Stop Food Waste Day occurs each year on April 28 to educate, raise awareness and fight against food waste globally. Launched in 2017 by the US division of global foodservice leader Compass Group, consumers and corporations across over 30 Compass countries work together to educate and encourage change when it comes to food waste.
Exacerbated by the COVID-19 pandemic, the food waste epidemic continues to worsen. In 2011, the United Nations’ (UN) Food and Agriculture Organization (FAO) estimated that around one-third of all food produced globally is wasted each year. Since then, food waste has become an issue of great concern to the public — but it is still an ongoing challenge and has the capacity to be stopped.
If the lack of understanding of how to productively use and conserve food continues, food waste statistics will continue to rise. However, Stop Food Waste Day aims set food waste statistics on a downward trajectory over time. The fundamental goals of the day include fighting hunger, poverty and climate change and encourage the health, wellbeing and sustainability of agriculture and oceans through food waste education.
History of Stop Food Waste Day
Before going global in 2018, Stop Food Waste Day was first introduced by Compass Group USA in 2017 with the goal of halving food waste by 2030, aligning with the UN’s Sustainable Development goal number 12.5. As one of the world’s largest foodservice groups serving restaurants, hospitals, schools and more, the pledge could have a massive impact — so how will they do it?
In North America alone, the Compass Group serves around 9.8 million meals a day. To cut down on the amount of food waste, Compass focuses its efforts on teaching chefs how to track and reduce as much waste as possible. Whatever food can’t be used, Compass aims to donate more than 250,000 pounds of food to food banks each year.
But Stop Food Waste Day goes beyond Compass. It aims to educate consumers and corporations about their own food waste and collaboratively create solutions for farming, producing, purchasing and using food. It also hopes to change how leftovers are used and offers creative recipes, such as vegetable peel pesto and banana peel biscuits, to take advantage of food that may otherwise go to waste.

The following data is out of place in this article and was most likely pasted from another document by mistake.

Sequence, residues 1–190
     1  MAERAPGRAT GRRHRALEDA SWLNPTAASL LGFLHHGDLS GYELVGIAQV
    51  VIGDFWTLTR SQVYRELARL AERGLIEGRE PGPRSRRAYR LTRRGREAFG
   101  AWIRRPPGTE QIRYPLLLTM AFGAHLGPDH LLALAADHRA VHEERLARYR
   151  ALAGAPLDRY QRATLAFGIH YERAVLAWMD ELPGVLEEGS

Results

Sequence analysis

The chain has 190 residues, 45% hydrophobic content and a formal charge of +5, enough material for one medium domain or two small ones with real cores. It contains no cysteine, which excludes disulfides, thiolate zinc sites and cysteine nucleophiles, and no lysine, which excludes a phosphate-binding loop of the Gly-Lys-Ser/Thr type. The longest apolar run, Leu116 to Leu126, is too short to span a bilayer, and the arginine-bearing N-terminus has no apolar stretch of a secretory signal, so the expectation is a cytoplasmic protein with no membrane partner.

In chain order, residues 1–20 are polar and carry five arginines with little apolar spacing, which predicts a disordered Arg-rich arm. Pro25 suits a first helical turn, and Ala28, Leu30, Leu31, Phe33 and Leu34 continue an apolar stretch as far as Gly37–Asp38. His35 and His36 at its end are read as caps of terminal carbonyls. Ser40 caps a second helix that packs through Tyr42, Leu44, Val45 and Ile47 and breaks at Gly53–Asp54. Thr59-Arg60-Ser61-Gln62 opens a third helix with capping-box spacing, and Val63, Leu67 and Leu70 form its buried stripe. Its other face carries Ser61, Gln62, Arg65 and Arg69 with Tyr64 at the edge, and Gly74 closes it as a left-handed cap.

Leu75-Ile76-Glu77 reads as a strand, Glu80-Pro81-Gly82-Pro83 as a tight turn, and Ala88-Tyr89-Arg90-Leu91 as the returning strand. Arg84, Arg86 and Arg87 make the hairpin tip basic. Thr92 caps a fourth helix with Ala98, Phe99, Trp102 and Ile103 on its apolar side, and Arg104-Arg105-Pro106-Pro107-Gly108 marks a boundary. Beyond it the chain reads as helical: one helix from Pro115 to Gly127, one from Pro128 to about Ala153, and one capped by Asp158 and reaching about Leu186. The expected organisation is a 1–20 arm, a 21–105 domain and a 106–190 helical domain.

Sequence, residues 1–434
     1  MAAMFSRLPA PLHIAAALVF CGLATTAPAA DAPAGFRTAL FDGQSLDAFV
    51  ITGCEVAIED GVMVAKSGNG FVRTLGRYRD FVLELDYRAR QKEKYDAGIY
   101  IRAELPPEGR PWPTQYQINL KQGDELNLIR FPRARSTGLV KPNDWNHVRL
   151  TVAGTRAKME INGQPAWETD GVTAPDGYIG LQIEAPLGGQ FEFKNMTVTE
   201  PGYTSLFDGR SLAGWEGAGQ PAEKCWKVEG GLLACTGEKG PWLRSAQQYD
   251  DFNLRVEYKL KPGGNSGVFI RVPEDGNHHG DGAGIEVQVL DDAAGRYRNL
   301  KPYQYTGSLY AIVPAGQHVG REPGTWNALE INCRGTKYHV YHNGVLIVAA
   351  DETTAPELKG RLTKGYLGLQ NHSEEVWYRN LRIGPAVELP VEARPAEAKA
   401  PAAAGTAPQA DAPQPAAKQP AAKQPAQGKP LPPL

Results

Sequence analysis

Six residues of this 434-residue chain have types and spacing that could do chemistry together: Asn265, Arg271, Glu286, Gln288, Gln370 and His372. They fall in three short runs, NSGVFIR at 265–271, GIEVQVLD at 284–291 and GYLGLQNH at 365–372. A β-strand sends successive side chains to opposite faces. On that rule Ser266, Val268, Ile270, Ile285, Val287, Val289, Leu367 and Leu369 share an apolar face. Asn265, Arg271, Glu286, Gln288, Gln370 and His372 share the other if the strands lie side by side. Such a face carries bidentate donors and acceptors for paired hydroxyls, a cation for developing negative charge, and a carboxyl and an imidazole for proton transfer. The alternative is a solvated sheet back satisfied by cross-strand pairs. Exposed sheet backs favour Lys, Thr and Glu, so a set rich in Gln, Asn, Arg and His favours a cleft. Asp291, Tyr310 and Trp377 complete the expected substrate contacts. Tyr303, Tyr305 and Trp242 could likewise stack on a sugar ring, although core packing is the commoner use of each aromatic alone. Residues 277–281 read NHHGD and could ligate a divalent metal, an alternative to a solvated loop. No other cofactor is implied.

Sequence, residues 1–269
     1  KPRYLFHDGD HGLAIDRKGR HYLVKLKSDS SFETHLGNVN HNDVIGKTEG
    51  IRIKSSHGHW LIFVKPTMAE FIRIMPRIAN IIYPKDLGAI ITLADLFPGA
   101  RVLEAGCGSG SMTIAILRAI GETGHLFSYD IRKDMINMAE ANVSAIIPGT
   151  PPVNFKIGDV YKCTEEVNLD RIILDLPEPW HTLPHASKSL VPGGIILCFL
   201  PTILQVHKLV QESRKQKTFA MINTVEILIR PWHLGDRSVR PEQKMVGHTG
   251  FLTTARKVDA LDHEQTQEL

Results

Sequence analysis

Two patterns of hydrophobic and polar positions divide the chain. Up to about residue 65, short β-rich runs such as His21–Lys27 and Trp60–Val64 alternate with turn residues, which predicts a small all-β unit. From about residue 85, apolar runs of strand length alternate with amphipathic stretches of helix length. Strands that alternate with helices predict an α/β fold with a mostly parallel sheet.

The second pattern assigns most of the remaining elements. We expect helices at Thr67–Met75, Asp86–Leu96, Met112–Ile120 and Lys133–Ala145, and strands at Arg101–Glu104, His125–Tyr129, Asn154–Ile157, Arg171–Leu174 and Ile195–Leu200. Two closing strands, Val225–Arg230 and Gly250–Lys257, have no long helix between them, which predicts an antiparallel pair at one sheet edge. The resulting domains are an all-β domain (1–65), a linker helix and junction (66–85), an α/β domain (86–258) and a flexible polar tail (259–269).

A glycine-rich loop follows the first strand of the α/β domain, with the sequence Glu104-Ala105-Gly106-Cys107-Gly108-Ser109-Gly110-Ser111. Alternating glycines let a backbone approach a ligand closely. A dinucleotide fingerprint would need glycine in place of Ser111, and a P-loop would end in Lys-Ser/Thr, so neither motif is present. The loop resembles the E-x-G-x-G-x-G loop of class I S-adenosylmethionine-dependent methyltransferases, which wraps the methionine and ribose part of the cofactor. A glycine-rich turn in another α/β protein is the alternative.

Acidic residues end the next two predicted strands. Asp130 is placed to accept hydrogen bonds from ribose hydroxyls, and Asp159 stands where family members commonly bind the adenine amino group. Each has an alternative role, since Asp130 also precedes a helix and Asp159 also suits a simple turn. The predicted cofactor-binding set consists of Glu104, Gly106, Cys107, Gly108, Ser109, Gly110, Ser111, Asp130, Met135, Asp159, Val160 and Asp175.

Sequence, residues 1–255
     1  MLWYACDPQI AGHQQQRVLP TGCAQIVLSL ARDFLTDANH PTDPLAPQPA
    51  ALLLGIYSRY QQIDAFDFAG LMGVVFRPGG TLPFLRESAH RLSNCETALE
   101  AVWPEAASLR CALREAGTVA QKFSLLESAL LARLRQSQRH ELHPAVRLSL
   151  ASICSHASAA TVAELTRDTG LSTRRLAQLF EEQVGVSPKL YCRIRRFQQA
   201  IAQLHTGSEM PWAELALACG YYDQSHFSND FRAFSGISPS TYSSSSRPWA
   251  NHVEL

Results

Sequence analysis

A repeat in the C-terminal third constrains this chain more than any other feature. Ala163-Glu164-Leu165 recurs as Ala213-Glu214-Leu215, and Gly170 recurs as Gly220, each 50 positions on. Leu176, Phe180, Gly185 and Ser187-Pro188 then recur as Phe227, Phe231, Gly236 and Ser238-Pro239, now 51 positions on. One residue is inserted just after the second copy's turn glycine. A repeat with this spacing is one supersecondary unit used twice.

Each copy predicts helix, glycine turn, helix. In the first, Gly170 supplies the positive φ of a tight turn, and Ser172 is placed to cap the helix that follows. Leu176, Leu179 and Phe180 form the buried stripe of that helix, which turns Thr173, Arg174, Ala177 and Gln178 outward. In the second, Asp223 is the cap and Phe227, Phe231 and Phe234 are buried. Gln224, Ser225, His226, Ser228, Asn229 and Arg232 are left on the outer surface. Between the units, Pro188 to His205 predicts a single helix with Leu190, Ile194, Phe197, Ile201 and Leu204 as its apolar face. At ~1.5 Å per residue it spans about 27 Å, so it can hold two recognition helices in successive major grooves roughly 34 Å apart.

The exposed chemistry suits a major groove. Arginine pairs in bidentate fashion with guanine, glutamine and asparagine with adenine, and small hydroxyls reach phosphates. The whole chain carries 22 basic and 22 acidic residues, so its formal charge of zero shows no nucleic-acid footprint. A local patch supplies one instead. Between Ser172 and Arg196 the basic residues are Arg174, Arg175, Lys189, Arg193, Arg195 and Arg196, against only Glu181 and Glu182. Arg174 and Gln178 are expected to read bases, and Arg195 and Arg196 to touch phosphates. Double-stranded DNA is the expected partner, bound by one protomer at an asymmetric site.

How To Celebrate the Day
Food is wasted across all parts of the food supply chain, whether during harvesting, transportation or by retailers. Stopping food waste can be done at all of these points, too. Food companies can start by purchasing unused food and upcycling it. Often costing around the same as other suppliers, upcycled foods are often more appealing to consumers looking for ways to live more sustainably. Since the Upcycled Food Association (UFA) recently launched the first upcycled food marker for food packaging, food companies can also apply to have the label on their packaging.
If produce makes it through the harvesting stage, it often gets damaged during transportation. But there are several ways it can be salvaged. First, it can be upcycled into a new product. Or, it can be sold by retailers as “imperfect” at a reduced cost. For example, Loblaw’s, a Canadian grocery retailer, launched a line of fruits and vegetables called “Naturally Imperfect” back in 2017. The produce is sold at a discount of up to 30 percent compared to its better-looking counterparts.
Consumers also have a part to play in reducing food waste. In addition to buying upcycled or damaged food products, they can reduce food waste by taking advantage of leftovers, checking the pantry or refrigerator prior to grocery shopping and avoid buying in bulk unless they plan to consume it before the expiration date. Consumers can extend the life of foods by simply storing them properly or freezing them, if applicable.
Whether small or large, any ongoing effort by consumers and corporations to cut down on food waste can make a difference.